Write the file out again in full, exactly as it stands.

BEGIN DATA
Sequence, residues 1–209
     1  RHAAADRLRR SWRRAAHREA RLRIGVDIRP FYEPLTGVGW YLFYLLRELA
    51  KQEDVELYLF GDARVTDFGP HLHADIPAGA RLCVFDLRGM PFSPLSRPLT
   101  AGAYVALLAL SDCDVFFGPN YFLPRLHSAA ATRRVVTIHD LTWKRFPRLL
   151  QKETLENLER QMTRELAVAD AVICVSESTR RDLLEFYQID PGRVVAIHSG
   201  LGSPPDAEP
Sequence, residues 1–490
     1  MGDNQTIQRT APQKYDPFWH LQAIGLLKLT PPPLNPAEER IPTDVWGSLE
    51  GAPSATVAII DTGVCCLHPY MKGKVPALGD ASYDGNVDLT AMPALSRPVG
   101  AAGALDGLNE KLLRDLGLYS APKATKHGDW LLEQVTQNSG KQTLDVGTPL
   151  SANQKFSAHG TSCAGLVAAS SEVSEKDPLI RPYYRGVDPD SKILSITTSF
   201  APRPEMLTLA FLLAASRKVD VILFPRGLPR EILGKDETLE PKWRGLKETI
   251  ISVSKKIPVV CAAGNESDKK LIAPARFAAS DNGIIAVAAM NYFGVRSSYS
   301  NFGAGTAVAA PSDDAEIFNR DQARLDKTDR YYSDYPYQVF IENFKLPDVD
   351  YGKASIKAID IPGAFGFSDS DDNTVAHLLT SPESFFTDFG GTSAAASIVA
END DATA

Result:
Sequence, residues 1–209
     1  RHAAADRLRR SWRRAAHREA RLRIGVDIRP FYEPLTGVGW YLFYLLRELA
    51  KQEDVELYLF GDARVTDFGP HLHADIPAGA RLCVFDLRGM PFSPLSRPLT
   101  AGAYVALLAL SDCDVFFGPN YFLPRLHSAA ATRRVVTIHD LTWKRFPRLL
   151  QKETLENLER QMTRELAVAD AVICVSESTR RDLLEFYQID PGRVVAIHSG
   201  LGSPPDAEP
Sequence, residues 1–490
     1  MGDNQTIQRT APQKYDPFWH LQAIGLLKLT PPPLNPAEER IPTDVWGSLE
    51  GAPSATVAII DTGVCCLHPY MKGKVPALGD ASYDGNVDLT AMPALSRPVG
   101  AAGALDGLNE KLLRDLGLYS APKATKHGDW LLEQVTQNSG KQTLDVGTPL
   151  SANQKFSAHG TSCAGLVAAS SEVSEKDPLI RPYYRGVDPD SKILSITTSF
   201  APRPEMLTLA FLLAASRKVD VILFPRGLPR EILGKDETLE PKWRGLKETI
   251  ISVSKKIPVV CAAGNESDKK LIAPARFAAS DNGIIAVAAM NYFGVRSSYS
   301  NFGAGTAVAA PSDDAEIFNR DQARLDKTDR YYSDYPYQVF IENFKLPDVD
   351  YGKASIKAID IPGAFGFSDS DDNTVAHLLT SPESFFTDFG GTSAAASIVA